NYT op-ed journalist Frank Bruni serves up a homage to a distinct American culinary tradition, with 50 killer recipes, from the best classic takes to riffs by world-famous chefs to those of prominent politicians.
The Earth is Weeping
American historian Peter Cozzens brings forth an essential history of how the West was won - and lost - with this full account of the amazing struggle between whites and Native Americans.
The Boys of Dunbar
Alejandro Danois tells an encouraging true story of a high-school basketball team that gave a city hope, overcoming desperate circumstances in 1980s Baltimore, and producing four NBA players.
In the Shadow of the Ayatollah
The re-issue of this amazing bestseller relates today's dealings with Iran to its memories of 1979, when Islamic militants held CIA officer William Daugherty and other U.S. diplomatic personnel hostage in the American Embassy in Tehran.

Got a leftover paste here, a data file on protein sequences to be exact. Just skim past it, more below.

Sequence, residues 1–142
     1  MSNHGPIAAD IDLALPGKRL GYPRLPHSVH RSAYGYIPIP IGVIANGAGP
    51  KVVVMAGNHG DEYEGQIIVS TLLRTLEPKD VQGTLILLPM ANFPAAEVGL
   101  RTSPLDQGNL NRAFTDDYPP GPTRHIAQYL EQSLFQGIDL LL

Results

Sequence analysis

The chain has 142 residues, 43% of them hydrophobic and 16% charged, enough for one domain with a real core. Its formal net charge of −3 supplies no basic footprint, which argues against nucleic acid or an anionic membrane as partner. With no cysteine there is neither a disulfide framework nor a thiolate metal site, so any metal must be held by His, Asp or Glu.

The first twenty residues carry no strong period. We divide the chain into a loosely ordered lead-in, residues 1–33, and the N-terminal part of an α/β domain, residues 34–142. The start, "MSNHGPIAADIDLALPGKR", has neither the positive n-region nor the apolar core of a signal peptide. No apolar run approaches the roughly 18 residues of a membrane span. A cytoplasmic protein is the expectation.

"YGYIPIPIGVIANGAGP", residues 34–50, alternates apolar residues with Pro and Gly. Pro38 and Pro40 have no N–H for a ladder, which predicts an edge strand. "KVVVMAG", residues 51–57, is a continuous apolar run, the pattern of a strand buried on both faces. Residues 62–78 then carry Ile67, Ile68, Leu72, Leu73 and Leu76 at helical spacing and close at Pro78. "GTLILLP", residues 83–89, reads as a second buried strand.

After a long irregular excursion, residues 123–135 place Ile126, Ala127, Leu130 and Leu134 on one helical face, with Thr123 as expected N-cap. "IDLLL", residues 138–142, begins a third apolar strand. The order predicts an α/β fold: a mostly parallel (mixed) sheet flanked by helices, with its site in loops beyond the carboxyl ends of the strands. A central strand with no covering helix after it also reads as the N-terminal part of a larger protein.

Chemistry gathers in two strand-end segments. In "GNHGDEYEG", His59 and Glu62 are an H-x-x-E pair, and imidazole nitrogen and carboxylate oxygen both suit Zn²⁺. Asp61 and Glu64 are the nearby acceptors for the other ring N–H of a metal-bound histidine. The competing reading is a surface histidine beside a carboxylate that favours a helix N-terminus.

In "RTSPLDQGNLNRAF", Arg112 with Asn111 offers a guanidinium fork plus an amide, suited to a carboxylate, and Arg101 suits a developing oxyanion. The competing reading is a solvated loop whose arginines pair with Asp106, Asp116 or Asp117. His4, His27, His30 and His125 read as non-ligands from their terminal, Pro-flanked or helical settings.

The Speed of Sound
Thomas Dolby shares a remarkable story of a life at the top of the Billboard charts and as an avant-garde genius trying to tie together music and the emerging world of technology.
Dorothea Benton Frank
All Summer Long
The NYT bestselling Dorothea Benton Frank writes a sensational novel that follows a New York couple through a tumultuous relocation to Charleston and a reassessment of their relationship with a tremendous leap of faith.
Former U.S. Army captain and Iraq War veteran Matt Gallagher tells the story of a bright young lieutenant who struggles to accept the U.S. departure from Iraq where there are still things yet to be resolved and peace has yet to come.